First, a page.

Mitochondria transplantation is an alternative in the treatment of heart attacks and strokes

Mitochondria transplant

Image: National Cancer Institute/Unsplash/Reproduction

US researchers are testing a new way to treat heart problems and strokes. The bet is on the transplantation of mitochondria – cellular organelles responsible for the production of ATP (adenosine triphosphate). ATP molecules, in turn, function as an energy store for cells. This is what provides the fuel for cellular reactions to take place.

More than a decade ago, researcher James McCully of Boston Children’s Hospital noticed that no drug could save defective mitochondria in damaged heart tissue after ischemia – lack of blood supply. This whole process has been described in this article by the National geographic.

So the idea came up: take healthy mitochondria from the patient himself and put them into the affected cells. Thus, the tissue could be healed without the help of drugs.

Mitochondria transplantation has been performed a few times. A child in the care of surgeon Sitaram Emani at Boston Children’s Hospital underwent the procedure. The operation went as planned, with healthy mitochondria being taken up by the damaged cells and helping the heart tissue to regenerate.

During the procedure, the patient is connected to the ECMO (extracorporeal membrane oxygenation) machine. Healthy mitochondria are collected quickly and are then inserted into the person through the coronary artery, femoral artery or by direct injection into the affected area. This same team has operated on 12 patients since 2015. Of these, eight survived.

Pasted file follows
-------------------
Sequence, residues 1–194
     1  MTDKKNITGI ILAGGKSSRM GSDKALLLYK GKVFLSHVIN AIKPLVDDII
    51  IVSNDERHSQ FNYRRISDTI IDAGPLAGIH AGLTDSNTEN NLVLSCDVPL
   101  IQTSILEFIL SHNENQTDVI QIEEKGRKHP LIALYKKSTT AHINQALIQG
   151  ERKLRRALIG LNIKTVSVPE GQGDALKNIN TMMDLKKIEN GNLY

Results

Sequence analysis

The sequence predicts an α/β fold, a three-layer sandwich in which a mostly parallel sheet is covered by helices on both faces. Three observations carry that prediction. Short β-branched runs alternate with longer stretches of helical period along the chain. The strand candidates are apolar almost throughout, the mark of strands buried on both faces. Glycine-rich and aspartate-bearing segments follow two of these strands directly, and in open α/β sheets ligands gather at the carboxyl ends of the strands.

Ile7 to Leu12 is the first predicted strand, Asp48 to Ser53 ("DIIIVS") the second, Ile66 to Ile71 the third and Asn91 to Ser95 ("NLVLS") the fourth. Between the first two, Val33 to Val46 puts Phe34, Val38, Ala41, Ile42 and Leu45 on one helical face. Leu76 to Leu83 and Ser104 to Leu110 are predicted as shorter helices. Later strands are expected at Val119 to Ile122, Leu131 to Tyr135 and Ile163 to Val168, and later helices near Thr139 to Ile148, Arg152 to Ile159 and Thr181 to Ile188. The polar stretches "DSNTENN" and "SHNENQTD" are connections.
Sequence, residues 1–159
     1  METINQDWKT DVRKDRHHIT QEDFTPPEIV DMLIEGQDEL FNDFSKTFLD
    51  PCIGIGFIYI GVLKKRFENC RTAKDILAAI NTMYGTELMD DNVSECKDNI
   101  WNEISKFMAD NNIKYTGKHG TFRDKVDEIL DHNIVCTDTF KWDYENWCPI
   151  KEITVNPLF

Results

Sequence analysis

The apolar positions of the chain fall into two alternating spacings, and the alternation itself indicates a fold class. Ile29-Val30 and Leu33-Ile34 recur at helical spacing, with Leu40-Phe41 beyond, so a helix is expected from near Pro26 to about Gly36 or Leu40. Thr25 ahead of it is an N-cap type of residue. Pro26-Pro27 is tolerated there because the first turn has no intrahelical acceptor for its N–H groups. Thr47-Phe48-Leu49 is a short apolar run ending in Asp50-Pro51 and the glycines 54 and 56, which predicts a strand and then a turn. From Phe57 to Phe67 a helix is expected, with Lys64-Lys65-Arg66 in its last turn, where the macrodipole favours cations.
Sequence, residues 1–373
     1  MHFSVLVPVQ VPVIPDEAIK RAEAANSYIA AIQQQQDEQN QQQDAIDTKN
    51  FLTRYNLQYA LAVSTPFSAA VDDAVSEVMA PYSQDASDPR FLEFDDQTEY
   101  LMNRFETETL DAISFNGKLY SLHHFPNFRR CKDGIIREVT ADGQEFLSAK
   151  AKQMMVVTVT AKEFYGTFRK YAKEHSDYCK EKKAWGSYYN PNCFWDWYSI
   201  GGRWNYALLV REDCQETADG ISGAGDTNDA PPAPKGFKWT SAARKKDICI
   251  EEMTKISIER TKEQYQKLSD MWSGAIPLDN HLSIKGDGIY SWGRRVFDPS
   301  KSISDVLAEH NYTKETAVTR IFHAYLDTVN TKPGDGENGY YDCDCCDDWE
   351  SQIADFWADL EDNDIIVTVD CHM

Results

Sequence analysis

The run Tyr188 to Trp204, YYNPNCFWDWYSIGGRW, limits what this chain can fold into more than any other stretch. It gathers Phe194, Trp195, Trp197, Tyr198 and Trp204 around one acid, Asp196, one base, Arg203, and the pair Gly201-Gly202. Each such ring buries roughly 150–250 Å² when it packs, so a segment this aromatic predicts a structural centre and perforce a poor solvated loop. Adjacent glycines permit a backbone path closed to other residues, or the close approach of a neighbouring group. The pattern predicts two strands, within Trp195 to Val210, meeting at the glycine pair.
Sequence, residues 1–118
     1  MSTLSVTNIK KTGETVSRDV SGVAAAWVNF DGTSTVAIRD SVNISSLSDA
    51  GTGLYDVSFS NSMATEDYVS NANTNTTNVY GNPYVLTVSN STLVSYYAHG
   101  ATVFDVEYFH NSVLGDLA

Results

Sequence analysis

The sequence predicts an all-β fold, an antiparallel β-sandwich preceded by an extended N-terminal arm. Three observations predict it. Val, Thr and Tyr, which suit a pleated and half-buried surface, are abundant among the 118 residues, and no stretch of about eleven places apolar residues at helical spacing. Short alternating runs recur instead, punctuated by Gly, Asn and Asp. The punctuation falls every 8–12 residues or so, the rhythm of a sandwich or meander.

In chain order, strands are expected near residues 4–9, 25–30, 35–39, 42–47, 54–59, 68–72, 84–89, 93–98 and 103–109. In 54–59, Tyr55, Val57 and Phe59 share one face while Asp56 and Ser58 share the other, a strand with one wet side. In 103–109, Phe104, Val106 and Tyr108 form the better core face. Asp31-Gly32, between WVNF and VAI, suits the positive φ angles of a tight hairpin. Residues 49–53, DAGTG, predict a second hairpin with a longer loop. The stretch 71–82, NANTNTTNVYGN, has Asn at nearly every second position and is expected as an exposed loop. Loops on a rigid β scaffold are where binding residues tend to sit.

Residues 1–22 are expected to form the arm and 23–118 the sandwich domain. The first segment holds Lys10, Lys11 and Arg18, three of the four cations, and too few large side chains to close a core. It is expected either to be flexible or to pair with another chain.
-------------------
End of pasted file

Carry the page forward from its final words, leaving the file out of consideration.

The heart is just one of the organs that can benefit from a mitochondrial transplant. Kei Hayashida, a researcher at the Feinstein Institutes of Medical Research in the United States, noticed during tests on rodents that part of the mitochondria injected into the femoral artery reached the brain.

After observation, the researchers were able to treat three stroke patients with the intervention. Two of them showed satisfactory results, while the third did not recover as well – probably due to the large number of strokes he had already suffered.


Either way, there are unanswered questions about mitochondria transplantation. First, researchers don’t know if injection into the femoral vein is enough for mitochondria to reach the heart. It remains to be seen whether or not it is preferable to place them directly on the damaged tissues.

Additionally, it is unclear how many mitochondria need to be transferred for the technique to be successful. In animals, scientists rely on the weight of the guinea pig’s heart, but this does not apply to all tissues. When considering skeletal muscle, for example, you need to inject more mitochondria per gram of muscle tissue.

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